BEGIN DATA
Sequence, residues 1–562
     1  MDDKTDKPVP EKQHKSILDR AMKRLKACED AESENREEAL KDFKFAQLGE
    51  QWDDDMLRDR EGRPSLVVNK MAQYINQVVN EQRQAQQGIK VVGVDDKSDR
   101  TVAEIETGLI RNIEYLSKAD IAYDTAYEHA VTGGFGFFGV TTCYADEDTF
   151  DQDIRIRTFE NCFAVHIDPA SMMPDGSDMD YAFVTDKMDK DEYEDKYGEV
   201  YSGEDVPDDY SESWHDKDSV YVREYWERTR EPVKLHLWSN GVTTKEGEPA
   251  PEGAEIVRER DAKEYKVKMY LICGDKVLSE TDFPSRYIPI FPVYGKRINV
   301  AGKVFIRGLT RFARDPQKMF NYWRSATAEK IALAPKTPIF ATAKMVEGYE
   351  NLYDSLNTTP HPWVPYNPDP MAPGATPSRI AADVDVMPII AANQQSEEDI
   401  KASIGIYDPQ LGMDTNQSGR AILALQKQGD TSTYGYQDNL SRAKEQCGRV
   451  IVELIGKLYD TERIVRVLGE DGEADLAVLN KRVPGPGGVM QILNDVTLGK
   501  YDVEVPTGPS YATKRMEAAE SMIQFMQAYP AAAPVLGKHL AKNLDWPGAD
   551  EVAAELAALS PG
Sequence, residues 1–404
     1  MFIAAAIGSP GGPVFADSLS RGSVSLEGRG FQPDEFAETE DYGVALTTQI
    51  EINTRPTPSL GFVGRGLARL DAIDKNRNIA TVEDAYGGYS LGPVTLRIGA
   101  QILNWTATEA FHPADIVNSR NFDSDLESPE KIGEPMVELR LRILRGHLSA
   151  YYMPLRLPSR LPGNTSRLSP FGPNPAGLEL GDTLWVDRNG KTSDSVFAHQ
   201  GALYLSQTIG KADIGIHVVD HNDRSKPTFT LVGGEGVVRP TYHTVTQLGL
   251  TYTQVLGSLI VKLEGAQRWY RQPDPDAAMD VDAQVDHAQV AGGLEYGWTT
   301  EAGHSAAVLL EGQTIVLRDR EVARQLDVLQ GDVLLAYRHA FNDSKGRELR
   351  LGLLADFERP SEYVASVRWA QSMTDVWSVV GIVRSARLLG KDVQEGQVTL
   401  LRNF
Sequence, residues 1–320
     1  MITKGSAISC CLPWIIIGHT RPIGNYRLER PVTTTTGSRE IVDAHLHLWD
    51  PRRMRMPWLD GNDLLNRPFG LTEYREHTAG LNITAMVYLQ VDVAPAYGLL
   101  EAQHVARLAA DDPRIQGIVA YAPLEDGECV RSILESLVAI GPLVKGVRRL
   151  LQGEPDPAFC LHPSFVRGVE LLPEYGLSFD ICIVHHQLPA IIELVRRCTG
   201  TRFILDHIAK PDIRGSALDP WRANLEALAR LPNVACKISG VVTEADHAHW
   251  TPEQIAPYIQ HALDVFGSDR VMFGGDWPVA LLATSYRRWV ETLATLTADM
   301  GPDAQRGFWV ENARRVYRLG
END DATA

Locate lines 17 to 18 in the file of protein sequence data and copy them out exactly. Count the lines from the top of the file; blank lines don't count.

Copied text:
   101  QILNWTATEA FHPADIVNSR NFDSDLESPE KIGEPMVELR LRILRGHLSA
   151  YYMPLRLPSR LPGNTSRLSP FGPNPAGLEL GDTLWVDRNG KTSDSVFAHQ